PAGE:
Not all unintended consequences are bad. Take for instance California's move to give special driver's licenses to immigrants who are in the country illegally starting this year.
Those of us, including the editorial board, who supported AB 60 for practical and compassionate reasons expected it would improve safety and accountability on the road. Denying driver's licenses to those in the U.S. illegally wasn't stopping hundreds of thousands of them from climbing behind the wheel. It only meant they were doing so without learning the rules of the road or obtaining car insurance, and in constant fear of having their car impounded.
But it didn't occur to me that it could contribute to cleaner air, too. A La Opinion story suggests that may be the case because some of those with new licenses are kicking their carcachitas (junkers) to the curb and buying newer cars, which are generally more fuel-efficient and safer than older models.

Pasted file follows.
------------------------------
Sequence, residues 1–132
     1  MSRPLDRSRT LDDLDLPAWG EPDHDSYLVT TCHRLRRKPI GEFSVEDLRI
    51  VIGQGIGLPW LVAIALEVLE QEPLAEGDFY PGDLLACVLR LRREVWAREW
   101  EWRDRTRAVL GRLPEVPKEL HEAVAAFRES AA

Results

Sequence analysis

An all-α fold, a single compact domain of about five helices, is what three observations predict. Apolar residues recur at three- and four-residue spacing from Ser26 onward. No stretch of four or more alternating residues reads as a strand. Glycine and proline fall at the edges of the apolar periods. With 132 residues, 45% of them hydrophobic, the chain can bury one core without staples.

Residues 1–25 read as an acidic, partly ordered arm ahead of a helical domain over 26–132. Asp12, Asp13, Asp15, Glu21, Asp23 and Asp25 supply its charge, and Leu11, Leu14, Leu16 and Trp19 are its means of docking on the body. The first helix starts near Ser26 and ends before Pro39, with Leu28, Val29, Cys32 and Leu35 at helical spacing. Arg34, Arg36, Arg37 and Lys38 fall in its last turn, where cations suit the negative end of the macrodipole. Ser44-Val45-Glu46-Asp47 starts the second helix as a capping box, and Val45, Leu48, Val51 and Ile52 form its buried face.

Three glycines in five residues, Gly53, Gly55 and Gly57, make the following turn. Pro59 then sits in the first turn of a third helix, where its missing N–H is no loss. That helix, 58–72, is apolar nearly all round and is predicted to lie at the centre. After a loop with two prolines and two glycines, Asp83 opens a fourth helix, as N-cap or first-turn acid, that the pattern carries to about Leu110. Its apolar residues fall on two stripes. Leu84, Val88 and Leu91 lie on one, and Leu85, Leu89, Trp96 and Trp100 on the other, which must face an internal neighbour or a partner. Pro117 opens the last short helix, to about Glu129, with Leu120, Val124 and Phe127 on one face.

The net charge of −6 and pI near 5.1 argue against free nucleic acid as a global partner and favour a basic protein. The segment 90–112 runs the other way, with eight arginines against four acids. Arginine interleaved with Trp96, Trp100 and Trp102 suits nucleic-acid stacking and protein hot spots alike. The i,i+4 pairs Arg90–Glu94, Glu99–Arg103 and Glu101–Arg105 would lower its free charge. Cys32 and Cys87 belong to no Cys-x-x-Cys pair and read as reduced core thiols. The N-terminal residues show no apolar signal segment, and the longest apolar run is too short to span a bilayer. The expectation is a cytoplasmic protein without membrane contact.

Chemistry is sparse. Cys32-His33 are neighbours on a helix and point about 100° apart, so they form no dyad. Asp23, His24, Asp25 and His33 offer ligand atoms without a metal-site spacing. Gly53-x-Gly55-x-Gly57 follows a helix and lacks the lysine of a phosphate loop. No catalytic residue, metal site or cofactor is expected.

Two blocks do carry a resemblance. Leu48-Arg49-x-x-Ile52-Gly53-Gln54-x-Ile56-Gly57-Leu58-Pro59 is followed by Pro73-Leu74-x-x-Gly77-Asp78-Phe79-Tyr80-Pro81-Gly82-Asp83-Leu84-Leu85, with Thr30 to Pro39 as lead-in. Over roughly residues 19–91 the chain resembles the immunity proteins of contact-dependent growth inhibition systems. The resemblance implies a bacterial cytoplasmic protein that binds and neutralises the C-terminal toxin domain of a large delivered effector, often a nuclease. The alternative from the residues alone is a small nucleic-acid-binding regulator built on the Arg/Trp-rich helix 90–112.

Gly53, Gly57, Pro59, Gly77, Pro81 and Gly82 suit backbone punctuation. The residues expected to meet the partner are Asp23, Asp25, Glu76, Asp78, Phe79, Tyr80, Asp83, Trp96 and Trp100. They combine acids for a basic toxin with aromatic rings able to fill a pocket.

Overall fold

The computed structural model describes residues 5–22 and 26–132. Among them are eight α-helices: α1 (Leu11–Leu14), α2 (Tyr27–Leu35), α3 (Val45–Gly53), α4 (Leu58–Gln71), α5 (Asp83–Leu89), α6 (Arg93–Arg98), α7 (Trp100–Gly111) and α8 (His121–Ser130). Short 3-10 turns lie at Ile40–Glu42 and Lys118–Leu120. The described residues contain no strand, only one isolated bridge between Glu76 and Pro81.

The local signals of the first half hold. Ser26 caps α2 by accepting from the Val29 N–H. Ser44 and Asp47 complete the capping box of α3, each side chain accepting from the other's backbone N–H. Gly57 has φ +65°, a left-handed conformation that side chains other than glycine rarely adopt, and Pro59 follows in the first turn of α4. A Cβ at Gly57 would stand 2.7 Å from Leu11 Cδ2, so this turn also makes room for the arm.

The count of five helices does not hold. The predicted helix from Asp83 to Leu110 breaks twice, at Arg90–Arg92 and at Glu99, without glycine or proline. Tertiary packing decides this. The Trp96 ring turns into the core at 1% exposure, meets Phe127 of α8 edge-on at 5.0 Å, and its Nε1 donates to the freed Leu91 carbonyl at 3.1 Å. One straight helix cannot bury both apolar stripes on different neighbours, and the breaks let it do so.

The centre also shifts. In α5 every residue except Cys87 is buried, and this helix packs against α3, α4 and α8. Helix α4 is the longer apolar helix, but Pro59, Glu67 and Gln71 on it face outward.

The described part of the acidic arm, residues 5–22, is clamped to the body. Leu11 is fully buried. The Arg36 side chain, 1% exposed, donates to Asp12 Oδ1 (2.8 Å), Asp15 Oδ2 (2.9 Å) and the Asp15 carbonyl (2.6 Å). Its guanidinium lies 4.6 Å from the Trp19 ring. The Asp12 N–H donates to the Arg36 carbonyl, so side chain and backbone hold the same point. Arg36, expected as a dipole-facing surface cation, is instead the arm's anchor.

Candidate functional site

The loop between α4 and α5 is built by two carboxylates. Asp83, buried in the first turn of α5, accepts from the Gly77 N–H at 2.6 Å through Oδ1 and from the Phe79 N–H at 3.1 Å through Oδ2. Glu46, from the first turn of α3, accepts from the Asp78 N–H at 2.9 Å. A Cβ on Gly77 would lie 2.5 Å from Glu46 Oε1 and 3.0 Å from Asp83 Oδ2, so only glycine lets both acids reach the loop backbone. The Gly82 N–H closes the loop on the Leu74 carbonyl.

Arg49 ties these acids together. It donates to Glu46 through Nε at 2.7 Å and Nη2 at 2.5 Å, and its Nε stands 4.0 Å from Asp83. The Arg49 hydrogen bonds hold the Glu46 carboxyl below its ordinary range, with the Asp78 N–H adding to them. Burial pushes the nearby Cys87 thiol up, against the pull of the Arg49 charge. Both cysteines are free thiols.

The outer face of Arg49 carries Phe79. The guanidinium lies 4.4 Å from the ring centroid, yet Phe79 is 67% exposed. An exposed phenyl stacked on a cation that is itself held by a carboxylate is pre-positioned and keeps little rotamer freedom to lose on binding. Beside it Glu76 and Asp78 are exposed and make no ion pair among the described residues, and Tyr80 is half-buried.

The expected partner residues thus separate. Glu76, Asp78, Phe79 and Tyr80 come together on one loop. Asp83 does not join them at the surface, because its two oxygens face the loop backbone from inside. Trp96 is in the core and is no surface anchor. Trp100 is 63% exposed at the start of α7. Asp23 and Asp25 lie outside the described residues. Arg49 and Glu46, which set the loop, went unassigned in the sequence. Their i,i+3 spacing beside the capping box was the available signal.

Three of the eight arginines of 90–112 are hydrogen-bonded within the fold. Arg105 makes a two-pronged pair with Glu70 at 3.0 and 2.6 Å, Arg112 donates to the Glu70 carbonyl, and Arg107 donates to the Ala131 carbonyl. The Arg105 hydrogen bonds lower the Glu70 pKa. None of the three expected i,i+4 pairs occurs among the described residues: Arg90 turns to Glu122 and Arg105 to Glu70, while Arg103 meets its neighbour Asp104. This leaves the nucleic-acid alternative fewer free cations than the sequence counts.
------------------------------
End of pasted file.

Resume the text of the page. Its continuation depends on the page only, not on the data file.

If this is more widespread than just the people profiled in the story, then it would be a benefit to the state economy as well. I suspect it is; I had heard similar stories earlier this year, and car dealers have been anticipating a surge in sales as soon as AB 60 passed.
It make sense. When your only car-buying options are to pay cash or get a sketchy loan, your options are limited to clunkers from Craigslist or a low-end car from used-car dealers. So far, about half a million Californians in the country illegally have applied for driver's licenses and no doubt many thousands more will do so once the lines get shorter. Some of them are surely going to want to trade up.
If they do, here's another possible side benefit: denying business to the shady used-car sellers who take advantage of people desperate for a set of wheels.